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Student research project provides up close look at refugee crisis

Dean’s Student Initiatives Fund enables students to go to Serbia for unique learning experience

Photo of: Jelena Djuric and Silviu Kondan

Jelena Djuric and Silviu Kondan hit the streets of Belgrade for a unique learning experience. Photo coutesy of Jelena Djuric.

While many of their fellow University of Toronto students hit the books during Reading Week, Jelena Djuric and Silviu Kondan hit the streets of Belgrade instead.

Djuric and Kondan, fourth-year students in the peace, conflict and justice program at the Munk School of Global Affairs, spent 10 days in Serbia learning about how various government agencies, grassroots organizations and non-governmental organizations (NGOs) are working together and handling the migrants and refugees streaming through the country en route to Western Europe. Their research project was funded by the Dean’s Student Initiatives Fund in the Faculty of Arts & Science and overseen by Professor Christina Kramer of Slavic Languages and Literatures.

Geography is destiny

“One of our professors always says that geography is destiny,” Djuric said. “This part of the world is between Western Europe and the Middle East, and we learned how they manage masses of people in a transit zone.”

The two undergraduates banded together to write a research proposal after Djuric saw a Facebook post by Kondan looking for others interested  in doing first-hand research during Reading Week. Both students have Serbian roots — Djuric’s parents emigrated from Serbia to Canada, while Kondan was born in Serbia to Romanian parents — so an interest in the region came naturally to them.

Excited by the possibilities, they submitted their proposal and began planning their project immediately. They did a number of interviews with local NGO representatives and set up a schedule of interviews in Belgrade with representatives of the organizations working directly with migrants.

Before leaving for Belgrade, the pair also organized an online fundraising effort so they could help the refugees whose plight they were studying.

“We didn’t want to pursue our research empty-handed,” said Kondan. “We donated the money we raised to the Asylum Information Centre in Belgrade, where it was used to buy necessary food and clothing.”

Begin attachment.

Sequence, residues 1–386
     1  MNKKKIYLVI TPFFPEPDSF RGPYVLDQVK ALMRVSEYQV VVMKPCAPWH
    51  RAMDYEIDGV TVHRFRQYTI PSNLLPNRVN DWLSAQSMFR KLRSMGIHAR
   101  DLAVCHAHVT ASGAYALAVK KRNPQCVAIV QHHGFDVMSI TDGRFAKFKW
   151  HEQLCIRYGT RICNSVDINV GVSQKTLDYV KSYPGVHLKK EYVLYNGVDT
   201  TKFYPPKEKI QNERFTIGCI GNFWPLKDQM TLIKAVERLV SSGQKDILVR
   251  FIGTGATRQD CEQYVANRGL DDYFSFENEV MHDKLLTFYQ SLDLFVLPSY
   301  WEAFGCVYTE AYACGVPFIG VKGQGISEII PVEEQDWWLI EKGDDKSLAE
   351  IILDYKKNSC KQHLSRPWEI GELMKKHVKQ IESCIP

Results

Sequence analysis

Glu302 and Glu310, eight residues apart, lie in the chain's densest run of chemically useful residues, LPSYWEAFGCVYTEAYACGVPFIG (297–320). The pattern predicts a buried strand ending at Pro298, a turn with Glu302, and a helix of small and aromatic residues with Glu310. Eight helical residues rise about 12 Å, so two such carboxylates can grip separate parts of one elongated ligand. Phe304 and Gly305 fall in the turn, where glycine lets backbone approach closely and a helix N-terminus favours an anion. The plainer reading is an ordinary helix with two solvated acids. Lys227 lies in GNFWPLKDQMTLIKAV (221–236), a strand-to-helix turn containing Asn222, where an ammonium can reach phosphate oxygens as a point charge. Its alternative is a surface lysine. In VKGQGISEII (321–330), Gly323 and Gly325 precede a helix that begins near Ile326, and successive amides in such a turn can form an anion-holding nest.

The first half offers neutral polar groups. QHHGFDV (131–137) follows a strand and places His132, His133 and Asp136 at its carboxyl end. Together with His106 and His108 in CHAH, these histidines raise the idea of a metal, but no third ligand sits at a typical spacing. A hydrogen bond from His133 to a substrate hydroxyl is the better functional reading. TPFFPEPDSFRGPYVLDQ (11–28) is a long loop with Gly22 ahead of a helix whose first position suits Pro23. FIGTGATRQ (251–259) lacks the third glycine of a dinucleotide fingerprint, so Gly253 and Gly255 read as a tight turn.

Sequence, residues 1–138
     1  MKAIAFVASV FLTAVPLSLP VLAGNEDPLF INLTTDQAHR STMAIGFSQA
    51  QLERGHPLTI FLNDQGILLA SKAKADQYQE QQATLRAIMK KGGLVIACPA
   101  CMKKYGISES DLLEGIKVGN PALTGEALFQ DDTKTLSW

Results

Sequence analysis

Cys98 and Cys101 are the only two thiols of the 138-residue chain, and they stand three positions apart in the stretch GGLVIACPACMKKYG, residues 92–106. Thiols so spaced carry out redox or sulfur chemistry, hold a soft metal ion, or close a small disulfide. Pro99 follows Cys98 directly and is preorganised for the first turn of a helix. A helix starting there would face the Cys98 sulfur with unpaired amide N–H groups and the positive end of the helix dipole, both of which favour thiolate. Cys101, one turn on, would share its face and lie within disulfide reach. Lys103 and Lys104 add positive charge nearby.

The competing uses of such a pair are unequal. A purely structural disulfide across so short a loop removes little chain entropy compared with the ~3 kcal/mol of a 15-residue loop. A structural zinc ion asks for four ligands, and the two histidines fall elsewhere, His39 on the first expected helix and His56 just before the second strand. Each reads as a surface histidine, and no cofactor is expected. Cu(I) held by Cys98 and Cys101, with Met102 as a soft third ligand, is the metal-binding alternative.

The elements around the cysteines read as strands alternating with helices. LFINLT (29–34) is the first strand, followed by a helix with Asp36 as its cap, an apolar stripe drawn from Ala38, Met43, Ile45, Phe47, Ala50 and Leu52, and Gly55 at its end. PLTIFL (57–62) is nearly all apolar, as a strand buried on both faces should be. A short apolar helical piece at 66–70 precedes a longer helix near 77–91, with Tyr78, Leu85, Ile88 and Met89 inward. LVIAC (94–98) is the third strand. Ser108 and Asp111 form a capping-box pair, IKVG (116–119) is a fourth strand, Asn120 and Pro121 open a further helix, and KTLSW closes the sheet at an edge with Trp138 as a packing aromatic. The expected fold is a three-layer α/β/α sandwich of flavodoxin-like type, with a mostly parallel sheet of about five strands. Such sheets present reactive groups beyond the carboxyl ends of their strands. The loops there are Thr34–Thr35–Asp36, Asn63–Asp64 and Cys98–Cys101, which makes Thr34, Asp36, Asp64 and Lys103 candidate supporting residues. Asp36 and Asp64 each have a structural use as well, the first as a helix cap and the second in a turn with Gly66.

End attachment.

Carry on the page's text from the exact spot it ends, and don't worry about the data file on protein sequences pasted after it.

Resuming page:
Fluid situation

Once in Belgrade, they found the situation for refugees from Syria, Afghanistan, and Iraq and elsewhere was changing daily.

refugee-transfer-centre-sid-serbia-max-malkus

Refugee Transfer Centre in Šid, Serbia. Photo: Max Malkus (CC BY-NC-ND 2.0)

“Serbia is a transit zone and people were supposed to continue on from there, but because of constantly changing policies people were getting stuck in legal limbo,” Kondan said.

Djuric said the staff from aid organizations were coping with shifting circumstances as best they could.

“We heard a lot of the same narrative from different organizations,” she said. “There was a domino effect. If something happened in Germany, it would affect Austria, then Central Europe, then Eastern Europe, then Turkey — or the other way around.

Flexibility is key for humanitarian organizations in hectic environment

“A couple of days before we returned to Canada, there were intensive Russian airstrikes in Syria, so people began fleeing to Turkey. The humanitarian organizations work in a very hectic environment and they are always developing a variety of contingency plans. They need to work quickly and be responsive when they find out that three boats of refugees just landed in Greece and will be heading their way.”

Communication about the latest developments happened so quickly that official channels couldn’t keep up. Workers used text messages and apps to keep each other informed of changes.

“During the middle of one of our interviews, the woman we were meeting got a text telling her one of the borders had just closed,” Djuric said. “Nothing official was sent. She heard it from one of her colleagues.

“The grassroots organizations said the crisis is pushing their limits and capacity, but it is also bringing them new energy and skills and connections that will be helpful in the future.”

Experience is a great teacher

Both Djuric and Kondan said their university coursework was relevant to their research, but agreed that theoretical knowledge could only take them so far.

“We have a rich body of academic literature to consult, which is valuable, but what you see on the ground is how the work by individuals shapes the destinies of the migrants,” Djuric said.

The two students are finishing a paper about their experience, and they will be presenting it at the University of Pittsburgh’s Europe East and West Undergraduate Research Symposium, an opportunity they sought for themselves.

“This was an amazing opportunity to see how organizations work during a crisis as it is unfolding,” Djuric said. “We were exhausted by the end of each day, but we gained more than we lost.”